Spirit AeroSystems announced its intent to sell its share of HAECO Spirit AeroSystems in April to its JV partner HAECO. With the transaction now complete and the company rebranded to HAECO Composite Services, Aviation Week speaks with Sunny Mirchandani, the company’s director and general manager, who says the company’s business objectives will remain the same, and “we will continue to expand our portfolio of maintenance services for nacelles, flight control surfaces, radomes and other composite structures for narrowbody, widebody and regional aircraft.”
What are your biggest business drivers of revenue? Are there particular products that are in great demand now?
The biggest business drivers by revenue have been repair/overhaul of nacelles, and they will continue to be so for the foreseeable future. However, since our capability set-up of flight control surfaces and radomes, we have seen a sizeable growth in revenue from these product lines over the last two years. There are a lot of narrowbody aircraft (both Boeing and Airbus) in the Greater China/Asia-Pacific region and we are seeing higher frequency of component removals. Also, with the increasing number of widebody aircraft in the Greater China region (along with increased cargo traffic), we expect to see significant growth in revenue from repair of nacelles and flight controls for those aircraft.
HAECO Composite Services’s website says the company is an authorized repair station for Safran Nacelles. Is the company seeking any additional partnerships?
HAECO Composites’ business model is very OEM centric and we are an authorized repair station and/or preferred service provider for multiple OEM’s including Safran Nacelles. Forming strategic long-term partnerships with major OEMs will always be a part of our growth strategy.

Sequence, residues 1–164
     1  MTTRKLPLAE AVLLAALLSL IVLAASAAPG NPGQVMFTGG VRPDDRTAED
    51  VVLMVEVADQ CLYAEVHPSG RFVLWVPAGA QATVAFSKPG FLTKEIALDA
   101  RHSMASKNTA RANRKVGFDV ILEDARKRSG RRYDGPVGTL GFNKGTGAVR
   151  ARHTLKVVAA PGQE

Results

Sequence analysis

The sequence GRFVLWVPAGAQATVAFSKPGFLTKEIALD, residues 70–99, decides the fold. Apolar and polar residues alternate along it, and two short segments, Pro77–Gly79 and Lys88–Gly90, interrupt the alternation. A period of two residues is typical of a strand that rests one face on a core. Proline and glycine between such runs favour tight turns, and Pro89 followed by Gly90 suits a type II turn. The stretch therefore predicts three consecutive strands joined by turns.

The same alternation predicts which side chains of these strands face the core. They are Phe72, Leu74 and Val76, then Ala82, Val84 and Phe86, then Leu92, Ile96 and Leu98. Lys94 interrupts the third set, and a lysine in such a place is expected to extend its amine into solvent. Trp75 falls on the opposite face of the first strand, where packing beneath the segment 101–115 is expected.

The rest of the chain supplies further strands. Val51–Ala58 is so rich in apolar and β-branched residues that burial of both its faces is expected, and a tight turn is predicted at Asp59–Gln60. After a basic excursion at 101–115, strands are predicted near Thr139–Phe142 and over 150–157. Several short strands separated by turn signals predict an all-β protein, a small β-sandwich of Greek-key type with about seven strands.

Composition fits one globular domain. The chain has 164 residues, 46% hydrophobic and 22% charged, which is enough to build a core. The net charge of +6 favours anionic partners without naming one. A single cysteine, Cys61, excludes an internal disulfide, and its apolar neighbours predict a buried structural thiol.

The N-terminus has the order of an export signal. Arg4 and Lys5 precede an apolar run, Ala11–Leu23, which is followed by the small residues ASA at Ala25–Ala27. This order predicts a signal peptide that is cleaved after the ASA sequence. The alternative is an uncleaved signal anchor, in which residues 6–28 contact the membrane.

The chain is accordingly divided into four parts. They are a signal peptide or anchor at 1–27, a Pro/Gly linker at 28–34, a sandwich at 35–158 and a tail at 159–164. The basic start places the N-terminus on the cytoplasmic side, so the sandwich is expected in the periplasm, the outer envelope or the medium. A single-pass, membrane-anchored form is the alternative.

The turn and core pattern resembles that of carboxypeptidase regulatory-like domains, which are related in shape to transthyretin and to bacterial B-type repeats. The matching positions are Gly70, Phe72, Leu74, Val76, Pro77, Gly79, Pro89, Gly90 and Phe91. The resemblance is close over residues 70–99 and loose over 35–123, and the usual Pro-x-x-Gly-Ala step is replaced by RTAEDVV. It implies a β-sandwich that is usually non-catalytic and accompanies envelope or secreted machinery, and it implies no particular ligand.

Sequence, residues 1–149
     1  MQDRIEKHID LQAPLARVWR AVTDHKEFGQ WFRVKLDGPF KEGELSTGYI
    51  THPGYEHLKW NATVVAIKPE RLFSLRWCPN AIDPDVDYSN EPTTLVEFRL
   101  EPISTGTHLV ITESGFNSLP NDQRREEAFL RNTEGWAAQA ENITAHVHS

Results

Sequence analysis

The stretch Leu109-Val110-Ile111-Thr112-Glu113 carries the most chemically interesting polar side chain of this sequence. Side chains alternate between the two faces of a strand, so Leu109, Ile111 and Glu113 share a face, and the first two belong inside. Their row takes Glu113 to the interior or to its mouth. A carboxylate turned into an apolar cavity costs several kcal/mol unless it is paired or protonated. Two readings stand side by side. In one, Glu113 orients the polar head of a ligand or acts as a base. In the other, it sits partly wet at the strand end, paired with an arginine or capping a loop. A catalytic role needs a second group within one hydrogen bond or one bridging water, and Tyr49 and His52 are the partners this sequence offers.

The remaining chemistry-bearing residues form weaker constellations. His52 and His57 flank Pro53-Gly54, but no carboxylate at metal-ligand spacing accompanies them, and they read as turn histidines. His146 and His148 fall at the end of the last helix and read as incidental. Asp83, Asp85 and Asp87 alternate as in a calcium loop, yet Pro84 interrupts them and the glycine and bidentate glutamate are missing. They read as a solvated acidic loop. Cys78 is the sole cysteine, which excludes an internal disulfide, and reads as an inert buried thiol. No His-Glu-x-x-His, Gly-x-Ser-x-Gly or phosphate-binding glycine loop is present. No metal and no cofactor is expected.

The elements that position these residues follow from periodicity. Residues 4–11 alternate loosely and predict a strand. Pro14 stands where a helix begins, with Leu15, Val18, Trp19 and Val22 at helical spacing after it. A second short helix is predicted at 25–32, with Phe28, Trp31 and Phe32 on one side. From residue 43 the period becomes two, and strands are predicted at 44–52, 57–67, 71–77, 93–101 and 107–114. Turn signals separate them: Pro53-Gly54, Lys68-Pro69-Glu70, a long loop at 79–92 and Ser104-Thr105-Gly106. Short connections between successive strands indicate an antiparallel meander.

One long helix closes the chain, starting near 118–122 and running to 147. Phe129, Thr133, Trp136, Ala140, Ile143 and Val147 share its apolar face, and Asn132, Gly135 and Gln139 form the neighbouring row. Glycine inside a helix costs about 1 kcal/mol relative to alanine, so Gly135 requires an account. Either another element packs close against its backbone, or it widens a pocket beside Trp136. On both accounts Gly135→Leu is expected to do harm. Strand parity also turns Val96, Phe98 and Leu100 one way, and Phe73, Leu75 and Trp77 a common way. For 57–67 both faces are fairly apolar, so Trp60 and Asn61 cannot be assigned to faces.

Is most of the work you do for Chinese customers?
Our customer base is global and consists of operators, OEMs, lessors, and third-party MROs. Our business volume from China continues to grow and is driven by (a) increased work from airlines in the Greater China region and (b) repair opportunities from global airlines that fly into China and/or get their aircraft maintenance done in the Greater China region.
Given the projected growth in Chinese airlines, how will your company keep up with the demand? Is it hard to find enough manpower to do this?
Yes, the growth in this region has been unprecedented. The demand is not only fueled by the growth of Chinese airlines, but also by the increased air traffic in this region by other international airlines. Both these aspects have been key contributors to our revenue growth from China. Our existing facility was purpose built for this growth and we see no constraints in terms of facilities and equipment to keep up with the increased demand. When expansion is needed, we have access to land adjacent to our existing facility. As for manpower, we have an in-house training program and we recruit regionally. We remain focused on staff welfare and continued training to increase staff retention.
Your career has been very global. Given this, how do you think the tariff and trade wars will impact aviation?
Like many other industry peers, I believe the impact of a potential trade war on aviation still remains to be seen. There are tariffs on over 1,000 products, which could impact major OEMs’ parts in the Chinese supply chain. Although the fears of Chinese retaliation continue, our industry has not yet seen any slowdown or pullbacks. However, that does not mean that a potential trade war is a non-threat to aviation.